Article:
Reducing Stress by Aligning With Our Values with MaryBeth Hyland

ON THIS EPISODE

In this episode with leadership coach Mary Beth Highland, we dive deep into the concept of values and their connection to burnout. Mary Beth shares her personal journey of work addiction and how reevaluating her values helped her find peace and regain balance. She also outlines a practical approach to uncovering your core values, distinguishing them from aspirational or descriptive ones. We touch on strategies to align personal values with organizational ones and turn them into effective guidance for decision-making and behavior.

ABOUT THE GUEST
MaryBeth Hyland

MaryBeth Hyland is a bestselling author, coach and consultant on how to create a thriving life and business. She’s successfully led culture change efforts across nearly every industry. As a certified mediator, mindfulness instructor, and values expert she engages audiences and teams all over the world with her authentic style of facilitation, keynote speaking, and empowerment. She’s a published thought leader in The Wall Street Journal, Washington Post, and New York Times to name a few. You can catch her interviews on how to reduce stress at work on ABC, CBS, and NBC.

SHOW NOTES

This is a valuable conversation if you’re feeling overwhelmed or out of alignment, offering insights into the restorative power of understanding and acting on your values.

We talk about:

  • [0:00] Intro

  • [3:35] Being the Chief Visionary of Spark Vision

  • [6:35] Why she centered her book around values

  • [9:00] Her definition of values and how we can find the right words to identify ours

  • [9:50] The observation of organizations sometimes choosing non-heart driven ideas as their values

  • [13:20] Connecting company values to teams

  • [17:30] Building the muscle of talking about our values

  • [19:35] MaryBeth’s process for identifying individual core values

  • [25:25] My own experience examining my core values

  • [29:00] Using our values work after doing that initial deep dive

  • [31:35] Burnout and alignment to our values

  • [35:30] How we bridge the gap between personal values and organizational values

  • [41:20] How leaders can support organizational values while honoring their own

  • [46:20] The difference between guiding principles, code of conduct, values, and leadership competencies

  • [51:00] Rapid fire questions

Join MaryBeth and I for this conversation, as we get into the impact that understanding our values has on our overall success in life and within the workplace. You can find the full transcript of our conversation on my website, along with more information about MaryBeth and her work.

Thank you for being a part of my podcast community, and remember to stay tuned for more inspiring episodes to come!

TRANSCRIPT
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But one of my favorite quotes from the book is you’re not drained because you’re doing too much. It’s because you’re doing too little of what aligns with your values. And it’s, it’s really can be quite. Obnoxious to hear that from from if you’re in that stage of burnout, right? Like, Oh, give me a break.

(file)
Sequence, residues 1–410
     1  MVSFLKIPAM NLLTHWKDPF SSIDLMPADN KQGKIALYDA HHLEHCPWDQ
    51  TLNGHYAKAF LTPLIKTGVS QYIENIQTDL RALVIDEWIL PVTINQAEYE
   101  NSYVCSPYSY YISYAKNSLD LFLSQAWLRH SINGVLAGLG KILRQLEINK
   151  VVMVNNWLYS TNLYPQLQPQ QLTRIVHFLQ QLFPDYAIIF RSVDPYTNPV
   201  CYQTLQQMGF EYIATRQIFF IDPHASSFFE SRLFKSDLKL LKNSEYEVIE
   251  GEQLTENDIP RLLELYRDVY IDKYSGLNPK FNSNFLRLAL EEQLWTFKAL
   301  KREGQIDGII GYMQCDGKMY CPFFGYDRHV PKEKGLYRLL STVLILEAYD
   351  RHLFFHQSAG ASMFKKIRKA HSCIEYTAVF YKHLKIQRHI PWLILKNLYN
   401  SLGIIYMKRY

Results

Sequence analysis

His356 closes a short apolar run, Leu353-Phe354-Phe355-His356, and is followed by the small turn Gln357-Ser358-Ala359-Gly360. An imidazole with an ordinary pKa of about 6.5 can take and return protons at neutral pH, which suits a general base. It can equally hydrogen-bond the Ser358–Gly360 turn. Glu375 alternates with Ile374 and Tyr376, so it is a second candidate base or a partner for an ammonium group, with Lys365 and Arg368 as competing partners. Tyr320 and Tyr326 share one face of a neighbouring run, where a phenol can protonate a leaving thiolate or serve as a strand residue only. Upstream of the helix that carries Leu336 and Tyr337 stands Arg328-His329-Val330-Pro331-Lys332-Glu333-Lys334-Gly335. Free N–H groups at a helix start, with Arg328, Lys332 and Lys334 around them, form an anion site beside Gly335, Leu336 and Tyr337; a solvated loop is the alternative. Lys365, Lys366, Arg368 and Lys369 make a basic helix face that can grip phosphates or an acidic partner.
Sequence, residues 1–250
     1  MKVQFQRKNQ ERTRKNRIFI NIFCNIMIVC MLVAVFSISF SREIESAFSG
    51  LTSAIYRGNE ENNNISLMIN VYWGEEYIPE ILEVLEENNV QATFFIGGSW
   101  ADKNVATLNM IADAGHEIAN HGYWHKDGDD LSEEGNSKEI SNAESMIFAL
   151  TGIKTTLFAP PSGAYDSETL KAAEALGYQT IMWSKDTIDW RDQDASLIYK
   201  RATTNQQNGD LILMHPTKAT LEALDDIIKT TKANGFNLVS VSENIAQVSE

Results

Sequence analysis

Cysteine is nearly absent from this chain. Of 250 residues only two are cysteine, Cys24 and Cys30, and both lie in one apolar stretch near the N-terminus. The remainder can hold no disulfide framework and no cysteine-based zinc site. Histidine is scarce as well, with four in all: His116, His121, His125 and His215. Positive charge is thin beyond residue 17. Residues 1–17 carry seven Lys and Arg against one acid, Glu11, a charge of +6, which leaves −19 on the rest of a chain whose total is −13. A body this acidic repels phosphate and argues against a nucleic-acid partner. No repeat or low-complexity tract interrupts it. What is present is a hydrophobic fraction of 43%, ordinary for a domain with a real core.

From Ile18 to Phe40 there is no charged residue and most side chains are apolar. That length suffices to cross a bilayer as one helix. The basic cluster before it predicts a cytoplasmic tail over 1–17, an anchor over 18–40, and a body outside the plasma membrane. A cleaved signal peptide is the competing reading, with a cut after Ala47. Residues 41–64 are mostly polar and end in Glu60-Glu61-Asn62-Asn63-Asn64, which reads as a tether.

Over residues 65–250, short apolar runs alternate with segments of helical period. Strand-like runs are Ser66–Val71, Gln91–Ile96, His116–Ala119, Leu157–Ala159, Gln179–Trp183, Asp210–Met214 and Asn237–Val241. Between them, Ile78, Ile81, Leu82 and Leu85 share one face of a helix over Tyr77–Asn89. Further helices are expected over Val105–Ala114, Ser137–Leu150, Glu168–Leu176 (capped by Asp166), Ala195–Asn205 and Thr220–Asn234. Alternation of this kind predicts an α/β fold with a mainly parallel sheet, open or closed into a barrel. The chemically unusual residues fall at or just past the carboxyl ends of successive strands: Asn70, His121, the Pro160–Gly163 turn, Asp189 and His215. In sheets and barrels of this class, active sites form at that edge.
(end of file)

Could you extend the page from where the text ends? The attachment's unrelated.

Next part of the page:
Right. Yeah, I know because I’ve been there and I, you know, like, I, I know what it feels like to have somebody say that to you and you’d be like, come on, that’s not realistic, but really what we’re doing when we’re constantly violating our values is that we’re perpetuating this cultural norm for us to not actually live up to our potential.

And creating this cycle of burnout, overwhelm, stress, anxiety that we just normalize because we push our values to the side.

Carolyn: When I’m looking for guests to be on the show, I’m looking for people who have expertise and passion in one or all of these areas, self awareness, self regulation, and co regulation. My guest coming up on this episode, Mary Beth Highland, I believe her work fits into all three of these elements. And these three areas are crucial for leaders today.

If we’re going to in a really hectic business environment. Now, Mary Beth is the author of a bestselling book called Permission to be Human. You’re going to hear me inquire about how she came around to finding that values are really an important anchor and way to. elevate our self awareness. You’re going to hear me share my own experience with using her methodology, and I hope that we are going to be able to bring you some really practical tips to help.

avoid burnout and help manage the chaos. A few more things about Mary Beth before we get into that conversation. She has successfully led culture change efforts across nearly every industry. She’s a best selling author. Coach and consultant on how to create a thriving life and business. She is a certified mediator, mindfulness instructor and values expert, and she engages audiences and teams all over the world.

She has a really authentic style of facilitation, keynote speaking and empowerment. And she has been published in the wall street journal, the Washington post. And the New York times to name a few. She’s even got interviews on how to reduce stress at work on ABC, CBS, and NBC. Her life mission is to remind people the truth by giving full permission to be human.